In Theaters This Weekend: Reviews of 'The Equalizer,' 'The Boxtrolls' and More

The Equalizer Still - H 2014
Scott Garfield/Columbia Pictures

The Equalizer Still - H 2014

And see what THR's critics are saying about the Viggo Mortensen-Kirsten Dunst thriller 'Two Faces of January' and the rom-com 'Two Night Stand'

Gangsters, trolls and new lovers infiltrate cineplexes this weekend, as The Equalizer, The Boxtrolls and Two Night Stand all hit theaters. 

Find out what The Hollywood Reporter's critics are saying about the weekend's new offerings (along with which film will top the weekend's box office).

The Equalizer

Denzel Washington stars as a man with a mysterious past who tries to save a young girl from Russian gangsters in director Antoine Fuqua's actioner. Marton Csokas, Chloe Grace Moretz, Bill Pullman and Melissa Leo co-star. In his reviewTHR chief film critic Todd McCarthy calls the film "viscerally satisfying on a primal level," adding that it's "the most exciting, violent and stylish film of its type in a very long while."

The Boxtrolls

An orphaned boy tries to save the trash-collecting trolls who raised him in co-directors Anthony Stacchi and Graham Annable's animated film. Ben Kingsley, Isaac Hempstead Wright, Elle Fanning, Toni Collette, Richard Ayoade and Tracy Morgan provide voices. "There’s no shortage of plot here, and yet somehow the film never gathers much steam," writes THR film critic David Rooney in his review

Two Night Stand

Max Nichols directed Miles Teller, Analeigh Tipton, Jessica Szohr, Scott Mescudi and Michael Showalter in the comedy about a couple that has a one-night stand and is forced to spend another day together due to a snowstorm. THR film critic Stephen Farber writes that the film "doesn’t break any new ground," although "the two stars always brighten the proceedings." Read his full review here. 

Two Faces of January

Viggo Mortensen, Kirsten Dunst and Oscar Isaac star in director Hossein Amini's thriller about three people who are on the run in Athens after one of them is implicated in a murder. THR film critic Deborah Young writes in her review that the film is "easy viewing" but that "the joie de vivre is largely missing in this dark story."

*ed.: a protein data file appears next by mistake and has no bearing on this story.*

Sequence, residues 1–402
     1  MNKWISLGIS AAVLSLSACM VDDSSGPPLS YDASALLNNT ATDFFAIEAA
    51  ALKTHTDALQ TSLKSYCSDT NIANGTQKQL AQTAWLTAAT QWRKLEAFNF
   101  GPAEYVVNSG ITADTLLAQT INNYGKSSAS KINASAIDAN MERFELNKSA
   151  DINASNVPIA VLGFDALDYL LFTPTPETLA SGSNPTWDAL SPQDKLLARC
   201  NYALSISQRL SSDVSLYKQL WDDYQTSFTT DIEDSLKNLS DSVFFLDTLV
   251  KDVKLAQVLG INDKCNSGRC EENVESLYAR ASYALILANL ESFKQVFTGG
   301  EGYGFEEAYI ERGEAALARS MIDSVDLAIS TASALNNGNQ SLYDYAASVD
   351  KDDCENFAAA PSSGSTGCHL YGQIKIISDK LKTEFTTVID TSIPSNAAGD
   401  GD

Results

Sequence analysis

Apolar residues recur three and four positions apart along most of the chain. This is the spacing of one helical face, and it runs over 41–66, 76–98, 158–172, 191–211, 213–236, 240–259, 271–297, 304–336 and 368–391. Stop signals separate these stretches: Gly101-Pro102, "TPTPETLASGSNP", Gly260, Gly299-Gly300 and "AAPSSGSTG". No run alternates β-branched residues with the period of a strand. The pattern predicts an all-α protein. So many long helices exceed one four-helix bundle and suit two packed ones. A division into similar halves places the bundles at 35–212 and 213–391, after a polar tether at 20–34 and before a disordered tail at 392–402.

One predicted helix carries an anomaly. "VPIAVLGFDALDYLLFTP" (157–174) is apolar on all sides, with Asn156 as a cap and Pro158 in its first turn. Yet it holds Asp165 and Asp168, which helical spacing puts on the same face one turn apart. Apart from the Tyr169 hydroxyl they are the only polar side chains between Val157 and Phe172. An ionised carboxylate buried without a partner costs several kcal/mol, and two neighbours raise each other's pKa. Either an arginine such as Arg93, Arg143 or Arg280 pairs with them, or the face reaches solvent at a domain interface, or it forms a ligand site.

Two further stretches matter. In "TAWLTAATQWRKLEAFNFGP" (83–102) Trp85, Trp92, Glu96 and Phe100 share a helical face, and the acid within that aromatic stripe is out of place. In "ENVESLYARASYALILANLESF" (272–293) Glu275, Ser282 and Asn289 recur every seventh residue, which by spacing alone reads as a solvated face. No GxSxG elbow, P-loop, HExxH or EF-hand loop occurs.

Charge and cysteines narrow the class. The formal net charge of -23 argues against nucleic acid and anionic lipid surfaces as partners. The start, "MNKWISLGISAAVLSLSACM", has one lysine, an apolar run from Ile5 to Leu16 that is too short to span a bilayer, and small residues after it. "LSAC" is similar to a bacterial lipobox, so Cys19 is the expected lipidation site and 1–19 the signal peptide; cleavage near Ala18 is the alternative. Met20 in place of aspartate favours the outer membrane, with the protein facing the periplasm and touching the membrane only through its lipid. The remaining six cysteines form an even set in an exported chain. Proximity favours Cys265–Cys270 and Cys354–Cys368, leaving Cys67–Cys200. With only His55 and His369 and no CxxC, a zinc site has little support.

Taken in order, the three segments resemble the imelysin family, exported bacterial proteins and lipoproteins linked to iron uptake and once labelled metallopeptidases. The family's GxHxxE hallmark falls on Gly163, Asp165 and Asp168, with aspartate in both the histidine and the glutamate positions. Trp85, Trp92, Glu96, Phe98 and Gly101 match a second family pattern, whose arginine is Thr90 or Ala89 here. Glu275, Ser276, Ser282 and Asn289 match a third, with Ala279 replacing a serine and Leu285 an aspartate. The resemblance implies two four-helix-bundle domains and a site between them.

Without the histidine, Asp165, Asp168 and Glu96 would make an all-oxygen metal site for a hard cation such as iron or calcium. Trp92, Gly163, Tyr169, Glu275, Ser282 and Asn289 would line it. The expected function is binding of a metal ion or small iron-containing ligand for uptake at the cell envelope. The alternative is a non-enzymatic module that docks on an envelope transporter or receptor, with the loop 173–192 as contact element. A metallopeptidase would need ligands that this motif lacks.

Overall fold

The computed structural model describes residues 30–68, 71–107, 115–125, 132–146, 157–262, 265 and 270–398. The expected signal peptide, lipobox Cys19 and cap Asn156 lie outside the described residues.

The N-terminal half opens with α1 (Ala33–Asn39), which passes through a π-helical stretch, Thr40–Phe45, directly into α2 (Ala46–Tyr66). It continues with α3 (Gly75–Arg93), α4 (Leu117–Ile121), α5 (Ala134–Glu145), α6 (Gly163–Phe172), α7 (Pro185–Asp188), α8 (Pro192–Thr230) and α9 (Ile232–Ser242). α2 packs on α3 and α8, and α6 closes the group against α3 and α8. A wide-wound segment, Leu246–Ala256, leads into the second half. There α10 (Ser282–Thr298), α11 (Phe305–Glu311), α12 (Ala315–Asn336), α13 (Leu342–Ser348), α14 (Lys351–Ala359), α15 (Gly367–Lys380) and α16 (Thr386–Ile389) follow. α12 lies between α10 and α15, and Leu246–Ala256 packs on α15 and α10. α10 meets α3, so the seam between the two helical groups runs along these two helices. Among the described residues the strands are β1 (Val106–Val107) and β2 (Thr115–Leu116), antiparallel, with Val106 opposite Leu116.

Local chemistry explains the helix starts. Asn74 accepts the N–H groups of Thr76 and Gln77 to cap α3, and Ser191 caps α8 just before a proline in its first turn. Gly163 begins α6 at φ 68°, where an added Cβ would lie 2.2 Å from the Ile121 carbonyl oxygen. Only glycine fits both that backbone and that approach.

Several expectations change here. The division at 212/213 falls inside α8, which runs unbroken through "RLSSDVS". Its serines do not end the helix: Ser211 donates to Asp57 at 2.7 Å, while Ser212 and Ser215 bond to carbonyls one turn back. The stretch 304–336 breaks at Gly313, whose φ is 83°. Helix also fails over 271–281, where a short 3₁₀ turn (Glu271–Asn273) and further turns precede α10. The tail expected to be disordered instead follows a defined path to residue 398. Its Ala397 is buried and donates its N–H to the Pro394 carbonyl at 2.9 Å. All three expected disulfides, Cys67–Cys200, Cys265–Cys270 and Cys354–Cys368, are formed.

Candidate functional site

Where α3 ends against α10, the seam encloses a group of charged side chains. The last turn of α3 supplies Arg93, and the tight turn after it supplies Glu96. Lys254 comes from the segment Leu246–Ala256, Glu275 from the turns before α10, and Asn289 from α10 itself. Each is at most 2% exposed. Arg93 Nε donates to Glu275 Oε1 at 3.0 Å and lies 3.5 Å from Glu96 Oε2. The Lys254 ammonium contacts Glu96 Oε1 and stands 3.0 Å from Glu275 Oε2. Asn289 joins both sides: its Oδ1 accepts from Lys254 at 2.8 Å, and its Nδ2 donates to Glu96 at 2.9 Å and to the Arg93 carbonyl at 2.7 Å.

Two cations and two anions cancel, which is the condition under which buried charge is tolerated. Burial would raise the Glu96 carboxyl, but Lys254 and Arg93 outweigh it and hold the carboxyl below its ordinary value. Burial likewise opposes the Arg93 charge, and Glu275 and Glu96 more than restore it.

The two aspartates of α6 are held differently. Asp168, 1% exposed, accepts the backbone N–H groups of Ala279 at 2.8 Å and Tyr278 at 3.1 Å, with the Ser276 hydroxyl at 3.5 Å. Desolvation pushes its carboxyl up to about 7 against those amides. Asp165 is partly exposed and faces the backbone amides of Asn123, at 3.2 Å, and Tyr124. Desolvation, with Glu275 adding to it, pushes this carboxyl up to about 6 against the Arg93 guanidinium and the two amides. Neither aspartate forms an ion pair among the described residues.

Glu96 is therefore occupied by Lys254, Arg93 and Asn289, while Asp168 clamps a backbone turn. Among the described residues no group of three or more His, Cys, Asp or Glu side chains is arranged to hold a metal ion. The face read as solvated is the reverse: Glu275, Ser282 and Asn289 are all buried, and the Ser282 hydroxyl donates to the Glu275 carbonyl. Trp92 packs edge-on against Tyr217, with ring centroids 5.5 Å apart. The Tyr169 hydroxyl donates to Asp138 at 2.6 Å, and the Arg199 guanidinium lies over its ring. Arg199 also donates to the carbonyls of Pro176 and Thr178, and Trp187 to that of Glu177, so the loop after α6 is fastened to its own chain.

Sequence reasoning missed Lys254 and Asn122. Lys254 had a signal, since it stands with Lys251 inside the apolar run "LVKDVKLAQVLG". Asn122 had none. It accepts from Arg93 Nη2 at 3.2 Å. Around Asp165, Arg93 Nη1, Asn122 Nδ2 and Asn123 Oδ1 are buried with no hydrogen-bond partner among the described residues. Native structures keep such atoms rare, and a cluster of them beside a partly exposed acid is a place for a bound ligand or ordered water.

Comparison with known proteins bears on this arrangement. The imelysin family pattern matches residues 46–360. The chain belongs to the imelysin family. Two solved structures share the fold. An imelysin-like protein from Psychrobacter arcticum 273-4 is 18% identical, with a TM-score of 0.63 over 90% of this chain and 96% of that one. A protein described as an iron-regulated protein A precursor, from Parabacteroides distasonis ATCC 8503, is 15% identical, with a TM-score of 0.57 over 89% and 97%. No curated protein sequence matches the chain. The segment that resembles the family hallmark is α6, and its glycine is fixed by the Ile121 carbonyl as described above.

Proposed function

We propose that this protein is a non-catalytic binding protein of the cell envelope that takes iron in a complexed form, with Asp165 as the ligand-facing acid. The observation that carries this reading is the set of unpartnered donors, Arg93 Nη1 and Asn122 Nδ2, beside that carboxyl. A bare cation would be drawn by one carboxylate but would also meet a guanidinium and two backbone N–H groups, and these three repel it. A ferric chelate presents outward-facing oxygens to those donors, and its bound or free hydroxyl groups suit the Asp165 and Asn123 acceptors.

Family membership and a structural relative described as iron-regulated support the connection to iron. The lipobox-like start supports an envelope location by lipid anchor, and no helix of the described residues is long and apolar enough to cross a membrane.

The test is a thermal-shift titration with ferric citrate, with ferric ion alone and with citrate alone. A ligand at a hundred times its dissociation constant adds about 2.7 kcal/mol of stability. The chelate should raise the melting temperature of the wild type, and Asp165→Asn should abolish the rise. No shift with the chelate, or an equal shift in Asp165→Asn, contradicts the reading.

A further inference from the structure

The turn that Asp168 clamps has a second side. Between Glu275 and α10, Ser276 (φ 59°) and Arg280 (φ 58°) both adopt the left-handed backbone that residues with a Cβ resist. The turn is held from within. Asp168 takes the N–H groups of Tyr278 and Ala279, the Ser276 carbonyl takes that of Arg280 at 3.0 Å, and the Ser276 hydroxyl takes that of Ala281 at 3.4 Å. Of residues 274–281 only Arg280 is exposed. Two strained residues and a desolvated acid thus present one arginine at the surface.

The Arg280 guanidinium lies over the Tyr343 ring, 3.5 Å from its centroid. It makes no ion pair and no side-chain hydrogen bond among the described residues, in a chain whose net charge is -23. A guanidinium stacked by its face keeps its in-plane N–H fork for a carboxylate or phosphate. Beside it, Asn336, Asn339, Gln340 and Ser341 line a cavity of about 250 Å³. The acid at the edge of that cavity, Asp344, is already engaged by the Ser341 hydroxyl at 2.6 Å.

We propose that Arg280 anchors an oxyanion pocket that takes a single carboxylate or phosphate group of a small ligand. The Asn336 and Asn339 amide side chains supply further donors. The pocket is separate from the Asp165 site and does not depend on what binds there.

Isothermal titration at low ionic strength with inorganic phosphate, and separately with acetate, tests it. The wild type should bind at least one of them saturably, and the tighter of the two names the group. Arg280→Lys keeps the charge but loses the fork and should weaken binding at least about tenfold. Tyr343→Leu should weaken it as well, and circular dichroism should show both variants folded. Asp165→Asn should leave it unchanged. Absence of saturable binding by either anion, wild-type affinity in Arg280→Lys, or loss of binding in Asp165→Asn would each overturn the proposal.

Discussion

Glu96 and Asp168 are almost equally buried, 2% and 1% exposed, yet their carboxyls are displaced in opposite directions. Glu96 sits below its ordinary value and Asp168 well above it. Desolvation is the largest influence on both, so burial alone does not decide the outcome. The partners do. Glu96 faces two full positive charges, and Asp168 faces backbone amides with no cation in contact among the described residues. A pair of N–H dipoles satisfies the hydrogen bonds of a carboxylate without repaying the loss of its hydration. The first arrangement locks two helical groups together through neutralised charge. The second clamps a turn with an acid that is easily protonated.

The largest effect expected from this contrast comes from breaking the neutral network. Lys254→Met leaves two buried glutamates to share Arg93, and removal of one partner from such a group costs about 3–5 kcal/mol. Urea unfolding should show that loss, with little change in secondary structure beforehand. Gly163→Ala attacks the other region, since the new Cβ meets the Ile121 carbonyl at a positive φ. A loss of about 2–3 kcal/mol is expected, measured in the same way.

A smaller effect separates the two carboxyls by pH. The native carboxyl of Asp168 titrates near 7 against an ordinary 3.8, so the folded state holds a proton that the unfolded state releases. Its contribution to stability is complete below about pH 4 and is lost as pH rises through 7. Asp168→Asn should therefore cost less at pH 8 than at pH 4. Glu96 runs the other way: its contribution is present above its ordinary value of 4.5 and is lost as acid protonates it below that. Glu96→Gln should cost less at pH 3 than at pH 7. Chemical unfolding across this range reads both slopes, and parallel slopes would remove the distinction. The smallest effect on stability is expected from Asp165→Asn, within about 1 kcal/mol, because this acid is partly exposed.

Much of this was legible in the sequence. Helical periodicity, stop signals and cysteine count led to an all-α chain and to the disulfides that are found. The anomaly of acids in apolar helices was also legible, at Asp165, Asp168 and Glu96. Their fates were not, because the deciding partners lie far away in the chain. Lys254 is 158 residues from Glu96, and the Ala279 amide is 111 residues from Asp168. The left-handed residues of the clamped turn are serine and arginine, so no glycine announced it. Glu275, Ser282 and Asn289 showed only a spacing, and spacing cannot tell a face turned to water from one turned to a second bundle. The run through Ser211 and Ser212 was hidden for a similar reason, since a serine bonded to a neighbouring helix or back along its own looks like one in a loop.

Gay activists in the U.K. support a miners' strike in director Matthew Warchus' dramedy. Bill Nighy, Imelda Staunton and Dominic West star. The film is a "crowd-pleasing throwback" that "pushes every formulaic button but is no less entertaining for it," according to THR film critic David Rooney's review

The Song

Alan Powell, Ali Faulkner and Caitlin Nicol-Thomas star in director Richard Ramsey's music-centric drama about a singer-songwriter whose marriage gets rocky after his song becomes a hit. THR film critic Frank Scheck writes that the film "sluggishly lurches toward its predictable conclusion," despite featuring musical performances that "are quite good." Read his full review here. 


A Chinese mother, whose son has died, bonds with a stranger in director Hong Khaou's drama. Ben WhishawPei-pei Cheng and Andrew Leung round out the cast. "The gentle study of loss builds quiet emotional power," per Rooney's review

Advanced Style 

Director Lina Plioplyte's documentary examines the lives and outlooks of seven New Yorkers as they age. "The film feels slightly padded," but "it's impossible not to be seduced by the joie de vivre of its subjects," writes Rooney in his review.

Jack and the Cuckoo-Clock Heart (Jack et la mecanique du coeur)

Mathias Malzieu and Stephane Berla co-directed this animated feature about a man with a clock instead of a heart. In her review, THR film critic Leslie Felperin notes that "the herky-jerky script grows seriously wearisome" for adult viewers, while dark subject matter makes it "a write-off for many parents of younger viewers."

Twitter: @_RyanGajewski